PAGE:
Lens on the Ground: Journalists’ Toll Reporting from Gaza

November 9, 2023 Updated January 5, 2024 Articles

Mohamed Abu Hassira. Yahya Abu Manih. Mohamed Al Jaja. Mohammed Abu Hatab. Majd Fadl Arandas. Iyad Matar. Imad Al-Wahidi. Majek Kashko. Nazmi Al-Nadim. Yasser Abu Namous. Duaa Sharaf. Saed Al-Halabi. Ahmed Abu Mhadi. Salma Mkhaimer. Mohammed Imad Labad. Roshdi Sarraj. Roee Idan. Mohammed Ali. Khalil Abu Aathra. Sameeh Al-Nady. Mohammad Balousha. Issam Bhar. Abdulhadi Habib. Yousef Maher Dawas. Salam Mema. Husam Mubarak. Issam Abdallah. Ahmed Shehab. Mohamed Fayez Abu Matar. Saeed al-Taweel. Mohammed Sobh. Hisham Alnwajha. Assad Shamlakh. Shai Regev. Ayelet Arnin. Yaniv Zohar. Mohammad Al-Salhi. Mohammad Jarghoun. Ibrahim Mohammad Lafi.

As of November 8th, 2023, 39 journalists and media crew working on the ground in the Gaza Strip and surrounding region have been killed in less than a month. Of the 39 killed, 34 were Palestinian, four Israeli, and one Lebanese. The entire family of Wael Al-Dahdouh, Al Jazeera’s Gaza bureau chief, was killed by an Israeli airstrike on October 24th as the family was sheltering in the Nuseirat refugee camp. Seven days later, an Israeli airstrike targeting the Jabalia refugee camp claimed the lives of 19 family members of Al Jazeera broadcast engineer Mohamed Abu Al-Qumsan. Palestinian photojournalist Mohammed Alaloul was working on November 5th when he heard the news that the Al Maghazi refugee camp was hit by an Israeli airstrike, killing four of his five children. On November 7th, Palestinian journalist Mohammad Abu Hassira was killed along with forty-two members of his family following an Israeli air raid that targeted their home.

Since the attack by Hamas on October 7th, 2.2 million individuals living in the Gaza Strip have endured unending bombings and airstrikes by Israel, which has targeted hospitals, refugee camps, schools, and residential buildings. With the numbers growing by the second, more than ten thousand Palestinians have been killed, including more than four thousand children. Over thirty-two thousand people have been injured, and more than one million have been displaced. 

Media has acted as both a vessel of information for events unfolding in the region as well as a source of misinformation, censorship, online attacks, and blatant discrimination. Journalists on the ground are at increased risk as their lives and the lives of their colleagues and loved ones are under constant threat. Millions of social media users have relied on local journalists, like Palestinian photojournalist Motaz Azaiza and Gazan filmmaker Bisan Owda, as sources of information on the ground, providing continued updates through their social media platforms. Most recently, Motaz learned of the killing of at least 15 members of his family following a targeted Israeli strike on their home in the Deir al-Balah refugee camp. With a platform of more than 3 million followers on Instagram, Motaz has also become a victim of online content suppression after the platform temporarily suspended his account. Motaz, like many who have outwardly posted content in support of Palestinians, has been met with shadowbans, account suspensions, and deletions across social media.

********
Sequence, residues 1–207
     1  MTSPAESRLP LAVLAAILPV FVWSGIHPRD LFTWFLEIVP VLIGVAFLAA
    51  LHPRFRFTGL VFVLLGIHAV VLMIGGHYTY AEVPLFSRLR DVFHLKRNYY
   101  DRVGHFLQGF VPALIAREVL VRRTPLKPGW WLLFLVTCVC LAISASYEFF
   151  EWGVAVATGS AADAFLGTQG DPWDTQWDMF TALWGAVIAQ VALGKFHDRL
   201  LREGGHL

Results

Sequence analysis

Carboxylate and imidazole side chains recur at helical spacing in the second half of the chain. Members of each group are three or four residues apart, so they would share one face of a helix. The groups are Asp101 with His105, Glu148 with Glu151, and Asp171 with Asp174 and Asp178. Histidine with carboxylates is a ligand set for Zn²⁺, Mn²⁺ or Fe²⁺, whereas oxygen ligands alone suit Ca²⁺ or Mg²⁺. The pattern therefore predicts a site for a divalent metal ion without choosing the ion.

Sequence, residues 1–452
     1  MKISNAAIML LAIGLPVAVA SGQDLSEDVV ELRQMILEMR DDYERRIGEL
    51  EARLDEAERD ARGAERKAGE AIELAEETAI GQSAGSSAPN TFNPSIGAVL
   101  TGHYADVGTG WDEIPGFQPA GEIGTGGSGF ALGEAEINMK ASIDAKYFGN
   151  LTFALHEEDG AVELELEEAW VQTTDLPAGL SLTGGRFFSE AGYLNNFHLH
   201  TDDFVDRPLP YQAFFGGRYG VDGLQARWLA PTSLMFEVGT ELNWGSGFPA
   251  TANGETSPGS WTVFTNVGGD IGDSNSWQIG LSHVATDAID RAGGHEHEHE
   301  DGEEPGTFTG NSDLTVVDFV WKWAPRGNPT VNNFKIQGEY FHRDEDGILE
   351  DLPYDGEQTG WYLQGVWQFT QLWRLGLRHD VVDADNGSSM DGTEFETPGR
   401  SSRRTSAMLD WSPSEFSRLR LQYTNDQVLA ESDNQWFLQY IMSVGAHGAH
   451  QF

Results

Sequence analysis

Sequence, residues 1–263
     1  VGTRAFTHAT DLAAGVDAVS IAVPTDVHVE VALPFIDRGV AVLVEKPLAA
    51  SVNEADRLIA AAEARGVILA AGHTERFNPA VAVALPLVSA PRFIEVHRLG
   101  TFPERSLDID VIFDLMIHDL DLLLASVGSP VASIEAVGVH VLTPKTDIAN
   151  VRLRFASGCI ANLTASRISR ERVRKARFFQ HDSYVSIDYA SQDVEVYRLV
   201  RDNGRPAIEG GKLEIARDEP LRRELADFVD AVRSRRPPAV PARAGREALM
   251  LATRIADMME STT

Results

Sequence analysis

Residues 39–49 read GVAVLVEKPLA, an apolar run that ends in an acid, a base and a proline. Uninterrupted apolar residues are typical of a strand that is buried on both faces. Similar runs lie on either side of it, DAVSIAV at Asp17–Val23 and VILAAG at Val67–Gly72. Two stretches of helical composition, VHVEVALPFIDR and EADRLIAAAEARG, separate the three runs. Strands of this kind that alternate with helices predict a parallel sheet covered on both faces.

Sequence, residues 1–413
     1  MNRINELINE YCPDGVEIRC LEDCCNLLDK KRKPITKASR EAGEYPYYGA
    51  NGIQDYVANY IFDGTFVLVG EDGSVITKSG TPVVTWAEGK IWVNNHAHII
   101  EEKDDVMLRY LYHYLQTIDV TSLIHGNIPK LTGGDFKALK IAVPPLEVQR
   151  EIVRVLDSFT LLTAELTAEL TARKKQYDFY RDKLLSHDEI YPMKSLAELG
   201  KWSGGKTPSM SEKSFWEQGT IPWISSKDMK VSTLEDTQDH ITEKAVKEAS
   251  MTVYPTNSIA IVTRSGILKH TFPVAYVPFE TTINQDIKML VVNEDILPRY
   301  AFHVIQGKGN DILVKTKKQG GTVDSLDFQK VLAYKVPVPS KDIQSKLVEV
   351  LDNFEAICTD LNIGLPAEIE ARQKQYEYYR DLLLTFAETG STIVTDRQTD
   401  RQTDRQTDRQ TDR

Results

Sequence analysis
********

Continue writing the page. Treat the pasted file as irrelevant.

The world has yet to see justice for the 2022 killing of Palestinian journalist Shireen Abu-Akleh after she was brutally murdered while working in the Jenin refugee camp. In the span of one month, the world has seen a glimpse of what Palestinians have endured since the 1948 establishment of Israel as a state. The world is witnessing a genocide incited by the Israeli government against the Palestinian people, and as journalists and media crew document the horrific events impacting their communities in real time, Israel’s response has been to target those giving voice to Palestinians. Going beyond shadowbanning and content suppression, Israel is directly targeting journalists, killing their colleagues and loved ones, and threatening their livelihoods.

Journalists are a threat to the manufactured consent that Israel has fostered within American voters. The last month has shown that international law and rules of war meant to protect journalists have failed. The United States is complicit through its decades of funding and unequivocal military support of an international bad-faith actor. But despite all this, as we have seen through the lenses of Motaz and others, the truth will come to light. And through the collective efforts of a global civil society, Palestinians can achieve their liberation. 

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